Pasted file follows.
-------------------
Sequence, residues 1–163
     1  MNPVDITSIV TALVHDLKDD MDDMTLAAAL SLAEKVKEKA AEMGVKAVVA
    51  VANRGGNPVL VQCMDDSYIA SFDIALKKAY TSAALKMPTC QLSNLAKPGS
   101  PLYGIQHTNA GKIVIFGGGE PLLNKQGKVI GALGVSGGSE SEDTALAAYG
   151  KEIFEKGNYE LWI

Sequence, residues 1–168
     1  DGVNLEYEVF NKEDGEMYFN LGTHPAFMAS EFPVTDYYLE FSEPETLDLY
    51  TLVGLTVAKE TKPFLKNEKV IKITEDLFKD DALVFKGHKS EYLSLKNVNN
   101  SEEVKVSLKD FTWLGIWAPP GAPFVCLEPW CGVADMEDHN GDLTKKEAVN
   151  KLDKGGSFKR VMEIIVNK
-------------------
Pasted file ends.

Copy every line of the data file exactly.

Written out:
Sequence, residues 1–163
     1  MNPVDITSIV TALVHDLKDD MDDMTLAAAL SLAEKVKEKA AEMGVKAVVA
    51  VANRGGNPVL VQCMDDSYIA SFDIALKKAY TSAALKMPTC QLSNLAKPGS
   101  PLYGIQHTNA GKIVIFGGGE PLLNKQGKVI GALGVSGGSE SEDTALAAYG
   151  KEIFEKGNYE LWI

Sequence, residues 1–168
     1  DGVNLEYEVF NKEDGEMYFN LGTHPAFMAS EFPVTDYYLE FSEPETLDLY
    51  TLVGLTVAKE TKPFLKNEKV IKITEDLFKD DALVFKGHKS EYLSLKNVNN
   101  SEEVKVSLKD FTWLGIWAPP GAPFVCLEPW CGVADMEDHN GDLTKKEAVN
   151  KLDKGGSFKR VMEIIVNK